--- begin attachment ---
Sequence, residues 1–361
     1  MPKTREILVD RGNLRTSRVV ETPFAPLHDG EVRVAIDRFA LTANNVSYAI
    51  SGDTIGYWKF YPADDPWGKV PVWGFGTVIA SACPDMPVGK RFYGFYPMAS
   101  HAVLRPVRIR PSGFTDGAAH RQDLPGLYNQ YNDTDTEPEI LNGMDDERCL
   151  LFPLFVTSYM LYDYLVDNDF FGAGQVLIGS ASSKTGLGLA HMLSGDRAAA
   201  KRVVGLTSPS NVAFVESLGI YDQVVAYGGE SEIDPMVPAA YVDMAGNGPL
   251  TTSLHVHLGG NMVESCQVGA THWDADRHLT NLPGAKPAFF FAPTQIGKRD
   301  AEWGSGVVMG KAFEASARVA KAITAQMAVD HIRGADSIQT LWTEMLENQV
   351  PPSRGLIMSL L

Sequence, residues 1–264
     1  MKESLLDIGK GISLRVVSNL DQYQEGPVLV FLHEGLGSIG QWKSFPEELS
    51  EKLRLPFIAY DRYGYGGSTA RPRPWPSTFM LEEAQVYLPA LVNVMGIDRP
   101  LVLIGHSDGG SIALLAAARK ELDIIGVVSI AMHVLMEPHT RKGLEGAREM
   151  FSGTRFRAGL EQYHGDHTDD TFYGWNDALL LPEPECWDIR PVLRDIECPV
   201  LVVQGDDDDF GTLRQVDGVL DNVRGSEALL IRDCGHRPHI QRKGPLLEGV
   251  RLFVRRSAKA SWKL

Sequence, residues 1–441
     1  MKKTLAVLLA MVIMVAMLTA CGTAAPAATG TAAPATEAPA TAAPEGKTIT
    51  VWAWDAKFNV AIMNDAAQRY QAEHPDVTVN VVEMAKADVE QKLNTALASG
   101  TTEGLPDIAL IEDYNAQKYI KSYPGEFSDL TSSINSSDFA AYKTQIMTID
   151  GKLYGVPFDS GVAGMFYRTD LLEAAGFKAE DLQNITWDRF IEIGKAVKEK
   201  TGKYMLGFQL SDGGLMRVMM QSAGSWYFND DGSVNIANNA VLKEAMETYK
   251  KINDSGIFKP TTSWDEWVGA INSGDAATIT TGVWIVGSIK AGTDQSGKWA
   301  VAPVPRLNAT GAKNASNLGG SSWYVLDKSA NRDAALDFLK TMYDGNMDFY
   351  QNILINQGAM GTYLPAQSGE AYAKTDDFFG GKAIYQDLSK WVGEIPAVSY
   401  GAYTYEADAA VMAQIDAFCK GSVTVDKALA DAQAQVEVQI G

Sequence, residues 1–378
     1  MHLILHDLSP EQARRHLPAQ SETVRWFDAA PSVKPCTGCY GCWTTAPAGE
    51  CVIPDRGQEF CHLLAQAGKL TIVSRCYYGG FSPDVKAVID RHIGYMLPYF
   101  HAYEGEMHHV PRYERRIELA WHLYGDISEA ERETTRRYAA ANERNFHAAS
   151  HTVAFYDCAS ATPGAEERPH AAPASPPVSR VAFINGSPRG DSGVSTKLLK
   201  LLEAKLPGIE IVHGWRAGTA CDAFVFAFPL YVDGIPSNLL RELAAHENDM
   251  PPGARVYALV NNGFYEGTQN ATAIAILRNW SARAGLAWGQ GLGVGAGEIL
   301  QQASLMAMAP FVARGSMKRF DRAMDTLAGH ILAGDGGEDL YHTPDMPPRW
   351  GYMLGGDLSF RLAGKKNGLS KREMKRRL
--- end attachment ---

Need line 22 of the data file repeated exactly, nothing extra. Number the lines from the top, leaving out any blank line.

   201  TGKYMLGFQL SDGGLMRVMM QSAGSWYFND DGSVNIANNA VLKEAMETYK